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Justin Hopper & Sharron Kraus With The Belbury Poly
Chanctonbury Rings Tom Bolton , July 1st, 2019 09:25

A collaboration between Sharron Krauss, Justin Hopper and Ghost Box regulars Belbury Poly, Chanctonbury Rings is destined to become as loved as the classic spoken word productions that influenced it, finds Tom Bolton

Chanctonbury Rings begins with a declaration: “Time had gone soft at the crossroads… and let me tell you how.” Justin Hopper’s book, Old Weird Albion (published in 2017 by Penned in the Margins) mapped personal identity across the deep-worn trackways of the South Downs. The trail leads to the myth-shrouded Chanctonbury Rings hillfort on the chalk ridge above Steyning, in Sussex, slipping through a thin curtain between past and present.

The book has now become a powerful album of spoken word and music, with Sharron Kraus and fellow Ghost Box artist Belbury Poly. The latter (label co-founder Jim Jupp) is a familiar presence, but his haunted 1970s synths take on new meanings teamed with Kraus’ multi-layered folk contributions and Hopper’s distinctive, Pittsburgh narration.

The stories of Chanctonbury, as intoned by Hopper, are both ancient and current – and exist together in layers of time. Origin myths (‘The Devil and St. Dunstan’) and 800-year old monk murders are mixed, in this “thinnest of places”, with his own childhood and adult experiences on the Downs, including a meeting with his grandmother Winnie, long dead but standing before him again dressed in “the thin beige windbreaker ubiquitous to 80s England“. Brought up in the US but with regular visits to Sussex, Hopper’s relationship with his English grandmother is the album’s centre. He encounters the chalk landscape and the mysterious, tree-crowned Ring through her folk tales.

The brief track ‘On The Downs’ channels William Burroughs in a nod to US spoken word recordings, from Jack Kerouac to Caroline Bergvall, that clearly influence Hopper. It is both funny and neatly delivered and it is the US/UK crossover that gives the album a different, unexpected edge. Hopper, brings the beatnik tradition from his hometown into conversation with less hip but equally influential BBC radio drama traditions. Both Tom Waits and Hitchhiker’s Guide to the Galaxy can be detected in his balanced, dramatic and engrossing narration, as can Alan Moore’s narrative outpourings on albums such as ‘The Highbury Working’.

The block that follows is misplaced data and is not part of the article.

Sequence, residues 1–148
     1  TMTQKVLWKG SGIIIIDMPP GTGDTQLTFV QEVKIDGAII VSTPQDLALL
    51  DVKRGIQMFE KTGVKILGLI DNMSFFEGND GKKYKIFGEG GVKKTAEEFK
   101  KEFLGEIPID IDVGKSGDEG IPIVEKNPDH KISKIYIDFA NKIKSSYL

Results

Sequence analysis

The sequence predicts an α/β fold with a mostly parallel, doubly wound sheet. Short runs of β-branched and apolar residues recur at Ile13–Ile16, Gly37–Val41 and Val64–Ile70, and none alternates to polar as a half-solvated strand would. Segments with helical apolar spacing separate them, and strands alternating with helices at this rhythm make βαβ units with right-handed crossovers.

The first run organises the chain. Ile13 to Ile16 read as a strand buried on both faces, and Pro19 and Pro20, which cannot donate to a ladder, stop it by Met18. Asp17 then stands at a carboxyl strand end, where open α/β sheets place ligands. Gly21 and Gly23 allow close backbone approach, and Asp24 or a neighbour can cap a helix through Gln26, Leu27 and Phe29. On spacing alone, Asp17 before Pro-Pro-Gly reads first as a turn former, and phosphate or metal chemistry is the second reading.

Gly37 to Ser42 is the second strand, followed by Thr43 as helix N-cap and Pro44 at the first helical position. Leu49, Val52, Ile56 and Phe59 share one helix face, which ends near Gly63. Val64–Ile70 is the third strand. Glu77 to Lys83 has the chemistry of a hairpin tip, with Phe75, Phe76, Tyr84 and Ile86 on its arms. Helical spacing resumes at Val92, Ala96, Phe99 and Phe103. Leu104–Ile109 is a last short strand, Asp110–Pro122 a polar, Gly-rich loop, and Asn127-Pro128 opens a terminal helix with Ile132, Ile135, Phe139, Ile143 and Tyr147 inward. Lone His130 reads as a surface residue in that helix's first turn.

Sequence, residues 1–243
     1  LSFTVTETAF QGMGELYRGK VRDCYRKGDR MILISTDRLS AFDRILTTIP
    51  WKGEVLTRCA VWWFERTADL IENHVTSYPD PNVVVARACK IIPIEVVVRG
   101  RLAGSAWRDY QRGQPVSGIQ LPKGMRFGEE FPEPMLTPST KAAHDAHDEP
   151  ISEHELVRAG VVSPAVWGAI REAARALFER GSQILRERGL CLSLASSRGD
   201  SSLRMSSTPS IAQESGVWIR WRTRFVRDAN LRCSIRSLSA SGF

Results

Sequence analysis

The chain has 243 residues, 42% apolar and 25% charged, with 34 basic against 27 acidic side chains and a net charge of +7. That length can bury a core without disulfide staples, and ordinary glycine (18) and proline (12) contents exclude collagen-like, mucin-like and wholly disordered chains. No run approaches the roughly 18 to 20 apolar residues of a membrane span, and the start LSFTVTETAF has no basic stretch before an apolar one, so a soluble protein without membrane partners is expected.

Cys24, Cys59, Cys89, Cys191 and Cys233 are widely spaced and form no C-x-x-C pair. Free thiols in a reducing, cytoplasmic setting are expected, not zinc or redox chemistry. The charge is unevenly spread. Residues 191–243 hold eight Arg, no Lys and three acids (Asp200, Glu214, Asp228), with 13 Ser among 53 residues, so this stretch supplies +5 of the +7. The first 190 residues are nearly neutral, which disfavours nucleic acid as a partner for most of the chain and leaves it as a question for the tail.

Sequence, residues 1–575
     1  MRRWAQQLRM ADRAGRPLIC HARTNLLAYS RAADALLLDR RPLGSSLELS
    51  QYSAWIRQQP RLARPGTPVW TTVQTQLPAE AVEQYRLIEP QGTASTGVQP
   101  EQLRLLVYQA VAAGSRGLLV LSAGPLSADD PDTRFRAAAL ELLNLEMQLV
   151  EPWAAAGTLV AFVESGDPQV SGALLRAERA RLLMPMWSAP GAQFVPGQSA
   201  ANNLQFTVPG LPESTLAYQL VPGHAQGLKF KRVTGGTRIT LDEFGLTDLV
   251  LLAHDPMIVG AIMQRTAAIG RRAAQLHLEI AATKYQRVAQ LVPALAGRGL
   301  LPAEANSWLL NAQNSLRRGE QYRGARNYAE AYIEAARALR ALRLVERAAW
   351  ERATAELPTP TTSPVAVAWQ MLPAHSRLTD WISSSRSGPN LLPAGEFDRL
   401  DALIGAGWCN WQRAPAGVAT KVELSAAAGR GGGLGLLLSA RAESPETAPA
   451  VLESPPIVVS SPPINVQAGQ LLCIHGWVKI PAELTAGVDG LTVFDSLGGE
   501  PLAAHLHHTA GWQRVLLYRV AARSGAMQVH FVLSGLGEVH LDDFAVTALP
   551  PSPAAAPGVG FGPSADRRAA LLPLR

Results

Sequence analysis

The album is equal parts speech, music, and sound installation, drenched in the soaking mists of the high downs, and Kraus’ music is crucial to its success. While Belbury Poly brings the reassuring sounds – at least to an English audience of a certain age – of pre-internet electronic culture, Kraus’ undermines expectations. Sometimes she sounds like Sussex mage Shirley Collins, performing with her sister Dolly, and the album includes a snatch of the traditional song ‘Hal-an-Tow’, associated with Collins. Elsewhere, strange distorted pipes play, a ghostly Morris dance hops, an accordion groans and dark synths coming rolling in like a weather front.

The unlikely combination of Hopper, Kraus, and Belbury Poly produces an album layered with memories of landscape and memories of sound. It is a completely immersive experience – it is impossible to skip a track – and a fine achievement. Chanctonbury Rings is destined to become loved like the classic spoken word productions that so influence its performers.

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